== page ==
CD68+ and CD163+ macrophages were significantly more abundant in malignant lesions compared with benign nevi (P<0.001) (Fig. 3). CD68+ macrophage number was also higher in deep melanomas (Breslow’s depth >4 mm) and in LNMs compared with dysplastic nevi or in-situ melanomas (P<0.001). Similarly, the number of CD163+ macrophages was higher in LNMs compared with dysplastic nevi (P=0.030).
TAMs were also evaluated from invasive melanomas and LNMs separately from tumor nests and stroma using a semiquantitative method. The proportions of CD68+ and CD163+ macrophages in tumor nests were higher in deep melanomas and LNMs compared with thin melanomas (P<0.001 for CD68 and 0.001 for CD163). There were no statistically significant differences in the stromal macrophage content between the malignant lesions (Fig. 4a−d).
Correlation of tumor-associated macrophages with clinicopathological parameters
Using hotspot analysis, high CD68+ macrophage number correlated positively with ulceration (P=0.006), recurrence rate (P=0.040), and distal recurrence (P=0.002). Males had higher amounts of CD68+ TAMs more often than females (P=0.004) (Table 2). Using semiquantitative analysis, high amounts of CD68+ macrophages in tumor nests correlated positively with the recurrence rate (P=0.006) and also separately with locoregional (P=0.021) and distal recurrence (P=0.001) (Supplemental digital content 4, http://links.lww.com/MR/A85, Table showing associations of CD68+ macrophage proportions in tumor cell nests and stroma, analyzed by the semiquantitative method, to clinicopathological parameters).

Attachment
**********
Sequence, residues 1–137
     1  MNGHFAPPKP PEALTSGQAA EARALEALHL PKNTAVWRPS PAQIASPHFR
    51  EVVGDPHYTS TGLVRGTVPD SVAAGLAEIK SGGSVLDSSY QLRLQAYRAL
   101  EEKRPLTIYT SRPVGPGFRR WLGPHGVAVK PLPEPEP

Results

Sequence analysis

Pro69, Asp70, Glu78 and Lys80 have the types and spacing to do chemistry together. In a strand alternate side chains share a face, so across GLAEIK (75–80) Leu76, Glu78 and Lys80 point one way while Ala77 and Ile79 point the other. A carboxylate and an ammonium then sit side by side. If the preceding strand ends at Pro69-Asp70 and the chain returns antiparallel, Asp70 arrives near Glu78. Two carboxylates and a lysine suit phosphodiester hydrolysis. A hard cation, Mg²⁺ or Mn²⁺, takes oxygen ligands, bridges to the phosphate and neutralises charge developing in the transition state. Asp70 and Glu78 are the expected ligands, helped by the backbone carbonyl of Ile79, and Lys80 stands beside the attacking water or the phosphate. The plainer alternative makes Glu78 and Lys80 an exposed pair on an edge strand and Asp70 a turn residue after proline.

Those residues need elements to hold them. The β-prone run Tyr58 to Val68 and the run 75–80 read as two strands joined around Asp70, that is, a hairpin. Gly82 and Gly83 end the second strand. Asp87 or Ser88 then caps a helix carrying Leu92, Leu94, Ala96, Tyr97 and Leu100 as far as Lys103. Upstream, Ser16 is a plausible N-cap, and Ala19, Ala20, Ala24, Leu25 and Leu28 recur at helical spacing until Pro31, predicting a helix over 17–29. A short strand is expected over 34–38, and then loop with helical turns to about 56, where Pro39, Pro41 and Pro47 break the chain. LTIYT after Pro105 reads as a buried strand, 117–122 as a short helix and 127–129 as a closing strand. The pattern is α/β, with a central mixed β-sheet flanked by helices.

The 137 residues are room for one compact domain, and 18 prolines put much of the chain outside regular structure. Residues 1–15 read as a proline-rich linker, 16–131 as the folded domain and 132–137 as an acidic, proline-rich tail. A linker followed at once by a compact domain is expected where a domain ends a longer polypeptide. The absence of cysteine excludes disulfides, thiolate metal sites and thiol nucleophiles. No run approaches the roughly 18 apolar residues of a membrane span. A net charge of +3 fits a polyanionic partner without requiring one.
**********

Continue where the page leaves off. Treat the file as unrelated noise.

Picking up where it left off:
Low CD163+ macrophage proportion in stroma, analyzed by the semiquantitative method, was associated with the aggressive nodular growth pattern (P=0.037), the presence of microsatellites (P=0.038), recurrence rate (P=0.005), and locoregional recurrence (P=0.035). Males had low stromal CD163+ macrophage proportions more often than females (P=0.034) (Supplemental digital content 5, http://links.lww.com/MR/A86, Table showing associations of CD163+ macrophage proportions in tumor cell nests and stroma, analyzed by a semiquantitative method, to clinicopathological parameters).
Low stromal CD163+ macrophage proportion correlates with decreased survival in primary melanomas
During the follow-up, 49 patients suffered a relapse. At the end of the follow-up, 37 patients were alive and 61 were deceased. In the univariate survival analysis carried out for the whole patient group, high CD68+ macrophage count analyzed by hotspot analysis correlated with decreased disease-specific survival (DSS) (P=0.032). High CD68+ macrophage proportion in tumor nests was associated with poor DSS and poor **relapse-free survival (RFS) (P=0.016 and 0.005, respectively), whereas low CD163+ macrophage proportion in stroma correlated with poor RFS (P=0.010). TAMs did not correlate with prognosis in pT1 and pT4 groups only.